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Rockoon 2

A balloon lifting a rocket for a high-altitude launch, Plus
 
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The balloon is filled with hydrogen gas. At high altitude there is still plenty of oxygen in the air. So, the first stage of the rocket should actually be a jet engine, burning the balloon's hydrogen with atmospheric oxygen. Thus the balloon essentially provides both an initial lift and an initial velocity, before the regular rockoon engine is fired, which allows either the payload to be slightly bigger, or the rocket to be slightly smaller, than in an ordinary Rockoon.
Vernon, Sep 25 2013

Rockoon 1 https://en.wikipedia.org/wiki/Rockoon
For anyone interested [Vernon, Sep 25 2013]

Prior Art Big_20Bang_20to_20Outer_20Space
[MechE, Sep 25 2013]

Internal Flame Hydrogen Balloon Internal_20flame_20hydrogen_20balloon
More lift! [bungston, Sep 25 2013]

[link]






       [+] for brevity   

       [-] for won't work   

       Scenario 1: Rocket screams along, dragging a deflating and fragile balloon, near its burst altitude, behind (in the exhaust plume)   

       Scenario 2: Pump Hydrogen into tank on the rocket. Extra weight/complexity and as you are pumping, you are falling under a deflating balloon
Klaatu, Sep 25 2013
  

       On the other hand, [Klaatu], either of those scenarios would make for great film footage.
pertinax, Sep 25 2013
  

       Hang on - air-breathing engines have mostly been ruled out for ground-based launches, because jet engines are so much heavier than rocket engines that it's usually best just to carry extra oxidiser. Won't being above most of the atmosphere make it even worse?   

       I still think you should fill the balloon with a stoichiometric mix of H2 and O2. It will only need to be about 1œ times as big.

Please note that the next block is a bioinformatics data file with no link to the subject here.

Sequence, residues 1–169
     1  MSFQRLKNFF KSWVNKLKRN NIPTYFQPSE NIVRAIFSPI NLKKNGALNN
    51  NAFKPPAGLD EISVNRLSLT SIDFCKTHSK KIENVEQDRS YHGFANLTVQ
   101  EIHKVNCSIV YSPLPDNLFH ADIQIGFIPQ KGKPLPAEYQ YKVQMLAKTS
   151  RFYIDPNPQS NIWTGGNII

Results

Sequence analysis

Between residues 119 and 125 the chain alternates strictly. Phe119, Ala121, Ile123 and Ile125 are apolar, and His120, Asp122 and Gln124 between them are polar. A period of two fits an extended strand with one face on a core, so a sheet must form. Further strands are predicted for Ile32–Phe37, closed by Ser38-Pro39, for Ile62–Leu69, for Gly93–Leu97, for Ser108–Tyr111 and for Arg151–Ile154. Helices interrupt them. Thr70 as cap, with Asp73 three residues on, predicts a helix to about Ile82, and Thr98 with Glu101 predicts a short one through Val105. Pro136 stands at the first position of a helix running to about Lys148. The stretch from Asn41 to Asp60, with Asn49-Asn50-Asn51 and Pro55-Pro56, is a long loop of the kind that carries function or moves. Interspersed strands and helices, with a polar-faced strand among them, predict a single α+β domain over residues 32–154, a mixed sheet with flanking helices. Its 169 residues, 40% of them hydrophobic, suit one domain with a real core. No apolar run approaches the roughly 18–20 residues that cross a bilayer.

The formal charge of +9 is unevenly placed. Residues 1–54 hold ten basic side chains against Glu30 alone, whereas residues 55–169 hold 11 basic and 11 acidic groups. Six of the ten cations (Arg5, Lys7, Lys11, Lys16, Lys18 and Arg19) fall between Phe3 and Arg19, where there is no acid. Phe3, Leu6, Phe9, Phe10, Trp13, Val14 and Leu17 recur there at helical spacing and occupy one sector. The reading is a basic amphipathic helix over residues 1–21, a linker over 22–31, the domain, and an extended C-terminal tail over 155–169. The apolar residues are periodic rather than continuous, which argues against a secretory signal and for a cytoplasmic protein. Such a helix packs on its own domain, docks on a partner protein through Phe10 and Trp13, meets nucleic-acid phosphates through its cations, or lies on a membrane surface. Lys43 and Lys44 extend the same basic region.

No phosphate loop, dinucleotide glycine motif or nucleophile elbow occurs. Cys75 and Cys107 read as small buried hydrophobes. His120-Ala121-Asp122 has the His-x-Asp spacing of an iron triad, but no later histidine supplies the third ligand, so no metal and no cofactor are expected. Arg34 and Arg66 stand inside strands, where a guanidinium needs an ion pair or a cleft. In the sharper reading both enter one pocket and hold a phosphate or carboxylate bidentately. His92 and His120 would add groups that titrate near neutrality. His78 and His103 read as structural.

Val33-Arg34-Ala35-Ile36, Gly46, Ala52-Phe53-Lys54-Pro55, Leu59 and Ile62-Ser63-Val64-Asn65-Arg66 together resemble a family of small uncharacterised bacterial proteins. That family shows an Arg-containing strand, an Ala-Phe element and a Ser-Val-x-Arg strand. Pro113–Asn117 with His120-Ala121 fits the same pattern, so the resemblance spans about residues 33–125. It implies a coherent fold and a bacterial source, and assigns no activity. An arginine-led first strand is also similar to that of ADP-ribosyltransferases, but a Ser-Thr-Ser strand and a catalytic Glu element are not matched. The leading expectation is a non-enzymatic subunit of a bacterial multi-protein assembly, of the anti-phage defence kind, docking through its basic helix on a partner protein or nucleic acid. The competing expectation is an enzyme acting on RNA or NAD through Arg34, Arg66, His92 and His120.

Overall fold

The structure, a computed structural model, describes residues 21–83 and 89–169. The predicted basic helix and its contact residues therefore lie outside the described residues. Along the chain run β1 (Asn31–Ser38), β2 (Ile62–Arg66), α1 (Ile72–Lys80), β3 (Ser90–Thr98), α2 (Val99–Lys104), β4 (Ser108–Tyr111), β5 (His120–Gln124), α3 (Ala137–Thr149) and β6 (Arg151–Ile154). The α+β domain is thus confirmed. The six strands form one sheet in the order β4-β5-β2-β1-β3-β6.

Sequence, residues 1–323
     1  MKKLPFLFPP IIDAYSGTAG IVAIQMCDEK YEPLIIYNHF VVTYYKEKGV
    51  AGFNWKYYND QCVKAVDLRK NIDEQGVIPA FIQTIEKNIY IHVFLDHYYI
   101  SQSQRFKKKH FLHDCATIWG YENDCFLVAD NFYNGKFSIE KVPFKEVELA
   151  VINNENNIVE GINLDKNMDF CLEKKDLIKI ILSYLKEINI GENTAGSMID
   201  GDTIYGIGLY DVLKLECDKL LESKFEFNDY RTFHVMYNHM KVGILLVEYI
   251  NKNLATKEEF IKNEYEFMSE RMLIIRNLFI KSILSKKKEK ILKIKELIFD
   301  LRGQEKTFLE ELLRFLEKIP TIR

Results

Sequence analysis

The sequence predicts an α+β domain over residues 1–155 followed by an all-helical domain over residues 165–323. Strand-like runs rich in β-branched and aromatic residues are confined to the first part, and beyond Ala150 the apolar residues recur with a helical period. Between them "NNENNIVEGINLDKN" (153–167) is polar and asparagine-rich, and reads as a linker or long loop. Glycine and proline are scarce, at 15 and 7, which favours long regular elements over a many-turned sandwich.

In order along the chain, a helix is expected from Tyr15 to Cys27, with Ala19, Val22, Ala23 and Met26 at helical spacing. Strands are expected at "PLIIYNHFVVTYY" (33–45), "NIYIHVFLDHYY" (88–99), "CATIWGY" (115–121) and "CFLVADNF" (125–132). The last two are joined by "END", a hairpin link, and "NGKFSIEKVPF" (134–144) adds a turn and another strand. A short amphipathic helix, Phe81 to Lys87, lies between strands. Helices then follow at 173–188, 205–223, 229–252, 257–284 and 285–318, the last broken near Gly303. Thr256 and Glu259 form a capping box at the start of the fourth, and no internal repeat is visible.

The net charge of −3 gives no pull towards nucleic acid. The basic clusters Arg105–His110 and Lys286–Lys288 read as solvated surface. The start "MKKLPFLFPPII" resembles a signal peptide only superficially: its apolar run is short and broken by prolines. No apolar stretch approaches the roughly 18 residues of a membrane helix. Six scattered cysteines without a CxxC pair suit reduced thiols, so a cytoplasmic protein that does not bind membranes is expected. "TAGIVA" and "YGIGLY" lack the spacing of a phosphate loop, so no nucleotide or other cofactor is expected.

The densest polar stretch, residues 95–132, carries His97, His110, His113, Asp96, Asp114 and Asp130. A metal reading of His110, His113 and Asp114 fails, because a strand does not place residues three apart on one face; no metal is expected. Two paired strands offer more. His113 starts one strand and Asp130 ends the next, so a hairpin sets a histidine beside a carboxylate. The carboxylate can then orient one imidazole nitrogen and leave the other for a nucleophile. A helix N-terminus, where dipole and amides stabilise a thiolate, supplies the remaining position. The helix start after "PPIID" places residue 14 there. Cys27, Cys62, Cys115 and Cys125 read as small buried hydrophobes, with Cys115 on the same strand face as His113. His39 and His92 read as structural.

spidermother, Sep 25 2013
  

       For degreasing things, absolutely.
bungston, Sep 25 2013
  

       Klaatu, I think you are ignoring the rate at which a jet engine can consume fuel. I suspect the balloon would be empty before it could be dragged. :)   

       Which makes the Idea properly HalfBaked, of course!
Vernon, Sep 25 2013
  

       One of the N-Prize teams planned to re-use the balloon's hydrogen as rocket fuel (with onboard oxidiser, I think). I think the fundamental problem came down to the difficulty of compressing the hydrogen sufficiently to feed it into the rocket's combustion chamber.   

       If you use the hydrogen as jet fuel relying on atmospheric oxygen, you reduce the need to compress the hydrogen but, as pointed out, the weight and complexity don't justify it.   

       Also, a hydrogen balloon can take you up to something like 30km, at which point jet engines aren't a great option anyway.   

       You might get somewhere using a pulse-rocket, in which fuel and oxidiser are fed into the combustion chamber under low pressure, then ignited; then the cycle repeats. This again reduces the need to compress the hydrogen.
MaxwellBuchanan, Sep 25 2013
  
      
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